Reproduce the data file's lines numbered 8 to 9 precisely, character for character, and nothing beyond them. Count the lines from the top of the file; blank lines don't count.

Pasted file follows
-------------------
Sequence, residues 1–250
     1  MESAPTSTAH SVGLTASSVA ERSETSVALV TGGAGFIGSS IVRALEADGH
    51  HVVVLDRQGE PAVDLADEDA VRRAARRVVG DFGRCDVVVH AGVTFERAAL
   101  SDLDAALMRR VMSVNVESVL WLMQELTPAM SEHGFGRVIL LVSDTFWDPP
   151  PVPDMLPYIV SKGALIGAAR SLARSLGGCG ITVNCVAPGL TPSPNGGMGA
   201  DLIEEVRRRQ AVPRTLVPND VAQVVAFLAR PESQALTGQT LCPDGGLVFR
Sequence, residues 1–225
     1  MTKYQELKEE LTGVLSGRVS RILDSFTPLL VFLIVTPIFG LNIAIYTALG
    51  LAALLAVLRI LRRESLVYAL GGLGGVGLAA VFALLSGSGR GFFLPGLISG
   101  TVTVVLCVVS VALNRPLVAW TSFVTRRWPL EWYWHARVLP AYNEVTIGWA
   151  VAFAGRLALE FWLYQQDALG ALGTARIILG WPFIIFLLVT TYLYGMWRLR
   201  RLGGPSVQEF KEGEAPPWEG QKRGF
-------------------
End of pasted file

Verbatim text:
     1  MTKYQELKEE LTGVLSGRVS RILDSFTPLL VFLIVTPIFG LNIAIYTALG
    51  LAALLAVLRI LRRESLVYAL GGLGGVGLAA VFALLSGSGR GFFLPGLISG